Mergansers bring quiet dignity to Evergreen Lake

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By Sylvia Brockner

I went down to Evergreen Lake last Friday to see if it was beginning to freeze. The overcast sky had left the lake without color. It was cold, gray and foreboding, but it was still liquid. Not even a white cap curled the surface.

It was bereft of color, a somber leaden gray. The aspen leaves have nearly all blown from the trees, forming pool of gold on the ground, but the willows along Bear Creek are still colorful. These big old white willow trees have two-toned leaves. All summer they are bright green above and a light silvery green below. They had just begun to change their color to yellow when a cold night frost nipped their beauty.
The golden leaves turned to a coppery bronze above with silvery undersides. They were magnificent even on this somber day and just glorious when the sun shone. While silver and bronze leaves may not be as valuable as silver and gold lives, they are still esteemed for their great beauty.
Suddenly the gloomy surface of the lake became alive as a fanciful male hooded merganser swam into view around the point of land that juts into the lake where Wilmot Creek enters the lake. His slow, dignified movement across the dull water brought life to the lake just as the first pair of dancers bring life and dignity to a previously empty ballroom floor. His black-and-white plumage had the appearance of a tuxedo as he waltzed across the lake with rhythmic, graceful and seemingly effortless motion.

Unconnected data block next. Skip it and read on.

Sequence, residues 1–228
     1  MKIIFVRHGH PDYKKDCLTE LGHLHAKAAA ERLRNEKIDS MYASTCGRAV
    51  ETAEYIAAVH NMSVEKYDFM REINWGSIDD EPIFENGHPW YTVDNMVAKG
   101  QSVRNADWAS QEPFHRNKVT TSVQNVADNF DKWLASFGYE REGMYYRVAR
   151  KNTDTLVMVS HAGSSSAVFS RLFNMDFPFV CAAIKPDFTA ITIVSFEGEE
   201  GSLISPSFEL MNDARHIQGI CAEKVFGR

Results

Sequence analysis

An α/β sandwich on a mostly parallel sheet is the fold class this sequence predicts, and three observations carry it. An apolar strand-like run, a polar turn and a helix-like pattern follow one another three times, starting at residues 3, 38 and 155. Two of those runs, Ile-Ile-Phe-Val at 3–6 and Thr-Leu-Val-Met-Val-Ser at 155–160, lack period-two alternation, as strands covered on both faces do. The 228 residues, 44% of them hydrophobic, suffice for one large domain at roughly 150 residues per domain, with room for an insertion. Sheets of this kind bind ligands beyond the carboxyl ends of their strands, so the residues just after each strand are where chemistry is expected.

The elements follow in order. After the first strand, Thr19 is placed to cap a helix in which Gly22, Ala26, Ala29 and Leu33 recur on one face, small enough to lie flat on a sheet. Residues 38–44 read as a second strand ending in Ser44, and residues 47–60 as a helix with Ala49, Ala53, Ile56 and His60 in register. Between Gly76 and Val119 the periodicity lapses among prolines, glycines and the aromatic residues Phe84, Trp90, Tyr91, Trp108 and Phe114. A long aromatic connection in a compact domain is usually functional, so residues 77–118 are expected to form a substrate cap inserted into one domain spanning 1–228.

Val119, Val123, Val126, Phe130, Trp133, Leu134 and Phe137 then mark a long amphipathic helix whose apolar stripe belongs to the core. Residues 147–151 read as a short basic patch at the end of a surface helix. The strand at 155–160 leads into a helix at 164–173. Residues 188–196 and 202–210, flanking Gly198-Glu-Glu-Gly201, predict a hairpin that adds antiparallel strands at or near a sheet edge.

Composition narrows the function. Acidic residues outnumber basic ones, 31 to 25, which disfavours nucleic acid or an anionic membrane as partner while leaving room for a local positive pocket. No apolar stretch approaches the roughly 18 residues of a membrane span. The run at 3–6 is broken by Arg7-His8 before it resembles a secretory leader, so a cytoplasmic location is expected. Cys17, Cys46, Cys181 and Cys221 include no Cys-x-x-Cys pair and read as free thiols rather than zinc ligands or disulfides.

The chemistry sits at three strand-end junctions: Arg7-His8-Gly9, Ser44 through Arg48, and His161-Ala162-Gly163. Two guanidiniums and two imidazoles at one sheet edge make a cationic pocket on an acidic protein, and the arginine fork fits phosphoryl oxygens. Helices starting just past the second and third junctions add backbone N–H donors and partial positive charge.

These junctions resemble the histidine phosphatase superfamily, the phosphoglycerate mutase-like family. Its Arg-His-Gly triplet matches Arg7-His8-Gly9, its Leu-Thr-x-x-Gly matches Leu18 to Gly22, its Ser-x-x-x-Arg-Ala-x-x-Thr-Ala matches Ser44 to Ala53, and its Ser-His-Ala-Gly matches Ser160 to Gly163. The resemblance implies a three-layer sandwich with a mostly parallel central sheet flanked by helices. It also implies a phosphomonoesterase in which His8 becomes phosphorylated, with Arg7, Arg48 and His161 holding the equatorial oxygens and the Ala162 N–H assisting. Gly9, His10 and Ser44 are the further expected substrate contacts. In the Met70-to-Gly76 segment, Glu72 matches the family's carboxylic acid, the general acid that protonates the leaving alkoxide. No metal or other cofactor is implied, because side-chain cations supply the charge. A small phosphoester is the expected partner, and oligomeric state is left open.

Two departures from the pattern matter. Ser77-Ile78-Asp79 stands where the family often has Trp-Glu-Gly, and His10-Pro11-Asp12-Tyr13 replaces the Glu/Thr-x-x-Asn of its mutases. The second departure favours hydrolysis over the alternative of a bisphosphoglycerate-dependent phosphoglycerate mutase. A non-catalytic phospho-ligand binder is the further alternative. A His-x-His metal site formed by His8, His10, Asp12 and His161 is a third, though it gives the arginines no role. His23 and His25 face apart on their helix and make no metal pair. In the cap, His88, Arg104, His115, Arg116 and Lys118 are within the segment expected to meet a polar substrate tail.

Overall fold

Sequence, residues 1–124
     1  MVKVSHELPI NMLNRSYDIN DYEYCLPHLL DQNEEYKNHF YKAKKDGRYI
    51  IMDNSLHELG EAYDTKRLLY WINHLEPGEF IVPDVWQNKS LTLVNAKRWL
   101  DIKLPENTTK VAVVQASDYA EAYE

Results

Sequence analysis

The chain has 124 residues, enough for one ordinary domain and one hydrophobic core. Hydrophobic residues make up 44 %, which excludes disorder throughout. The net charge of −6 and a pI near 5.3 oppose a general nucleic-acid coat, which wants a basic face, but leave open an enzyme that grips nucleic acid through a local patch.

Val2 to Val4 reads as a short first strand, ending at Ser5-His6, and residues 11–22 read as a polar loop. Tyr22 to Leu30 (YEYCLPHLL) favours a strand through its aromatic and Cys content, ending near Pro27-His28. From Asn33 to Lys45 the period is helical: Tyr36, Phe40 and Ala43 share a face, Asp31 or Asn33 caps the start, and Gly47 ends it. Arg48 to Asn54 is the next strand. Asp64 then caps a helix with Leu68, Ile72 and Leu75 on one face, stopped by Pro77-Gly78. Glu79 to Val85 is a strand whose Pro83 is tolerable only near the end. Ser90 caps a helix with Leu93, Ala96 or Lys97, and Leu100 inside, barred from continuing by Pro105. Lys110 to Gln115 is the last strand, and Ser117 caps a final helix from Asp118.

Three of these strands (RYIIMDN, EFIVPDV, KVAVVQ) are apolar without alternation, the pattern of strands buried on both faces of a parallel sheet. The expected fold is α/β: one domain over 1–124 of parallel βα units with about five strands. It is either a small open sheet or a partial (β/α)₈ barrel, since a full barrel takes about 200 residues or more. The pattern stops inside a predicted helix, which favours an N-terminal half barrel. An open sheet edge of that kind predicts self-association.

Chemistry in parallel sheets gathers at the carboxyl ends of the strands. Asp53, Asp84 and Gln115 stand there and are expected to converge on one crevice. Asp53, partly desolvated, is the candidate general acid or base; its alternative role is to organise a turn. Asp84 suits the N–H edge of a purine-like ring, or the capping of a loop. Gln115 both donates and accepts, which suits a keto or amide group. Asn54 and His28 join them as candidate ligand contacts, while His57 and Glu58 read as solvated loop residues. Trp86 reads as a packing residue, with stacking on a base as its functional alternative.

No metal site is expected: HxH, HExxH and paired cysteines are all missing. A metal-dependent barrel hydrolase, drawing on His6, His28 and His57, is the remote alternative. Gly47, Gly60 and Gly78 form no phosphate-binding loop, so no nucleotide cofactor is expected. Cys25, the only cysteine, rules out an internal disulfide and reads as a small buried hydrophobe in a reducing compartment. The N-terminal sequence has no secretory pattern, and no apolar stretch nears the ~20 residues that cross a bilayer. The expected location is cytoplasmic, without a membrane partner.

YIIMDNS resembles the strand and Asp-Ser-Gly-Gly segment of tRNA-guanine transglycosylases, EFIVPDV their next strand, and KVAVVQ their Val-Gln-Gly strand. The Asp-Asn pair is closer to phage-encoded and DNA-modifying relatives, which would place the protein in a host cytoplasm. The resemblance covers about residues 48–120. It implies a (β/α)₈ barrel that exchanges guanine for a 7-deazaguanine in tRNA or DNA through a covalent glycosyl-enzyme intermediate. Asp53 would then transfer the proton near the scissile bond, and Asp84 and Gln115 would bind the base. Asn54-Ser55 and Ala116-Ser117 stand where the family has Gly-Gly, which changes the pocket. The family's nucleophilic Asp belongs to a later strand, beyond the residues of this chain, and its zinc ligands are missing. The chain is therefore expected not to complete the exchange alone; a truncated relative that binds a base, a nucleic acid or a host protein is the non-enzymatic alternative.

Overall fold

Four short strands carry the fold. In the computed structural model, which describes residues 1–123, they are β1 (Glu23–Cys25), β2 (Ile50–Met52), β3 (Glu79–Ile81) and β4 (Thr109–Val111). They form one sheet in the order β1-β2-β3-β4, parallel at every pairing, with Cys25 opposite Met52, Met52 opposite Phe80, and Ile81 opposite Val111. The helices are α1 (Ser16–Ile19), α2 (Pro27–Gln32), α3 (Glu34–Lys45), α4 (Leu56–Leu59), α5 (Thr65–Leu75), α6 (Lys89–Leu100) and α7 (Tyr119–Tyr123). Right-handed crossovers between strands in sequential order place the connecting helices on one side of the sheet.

There are three species of mergansers found in this country. The common merganser is the largest and used to be known as the American merganser. It is found all across the states and Canada. The middle-sized one is the red-breasted merganser. It is less abundant and breeds all across northern Canada. It is seen in the states during migration or in winter. The smallest is the hooded merganser, which has a beautiful fan-shaped crested head. They are more common in the eastern states than they are in the West, but then appear more abundantly again in the Pacific Northwest.
The female hooded merganser has a dark red head, which has a ragged crest. They are not usually seen in numbers anywhere as they do not collect in large rafts as many ducks do. They nest in hollow trees, which are near small lakes, much like wooded ducks. They nest in Colorado in the foothills usually and would no doubt nest near Evergreen Lake and the Hiwan Ponds if there were dead trees available and less human use. They might even nest as high as Echo Lake, but that would be unusual.
Several years ago, when my late husband Bill and I were vacationing, we came around a bend on a country road in Oregon, and there was a small pond about half the size of Evergreen Lake, in which a pair of hooded mergansers were swimming. There was an old cottonwood on the far shore that appeared to be dead with a few hollow limbs. We watched them for awhile just because they are especially attractive birds that both of us admired. We finally decided they were nesting in the old tree and left them in peace to enjoy their home with a private swimming pool.
All the female mergansers have dark red heads and ragged crowns. The males are mostly black and white. All mergansers are diving ducks. They have thin serrated bills. They eat fish, mollusks, frogs, etc., and the serrated edge of the beak makes it possible for them to hold on to such slippery food. They are not relished by hunters because they have a fishy taste.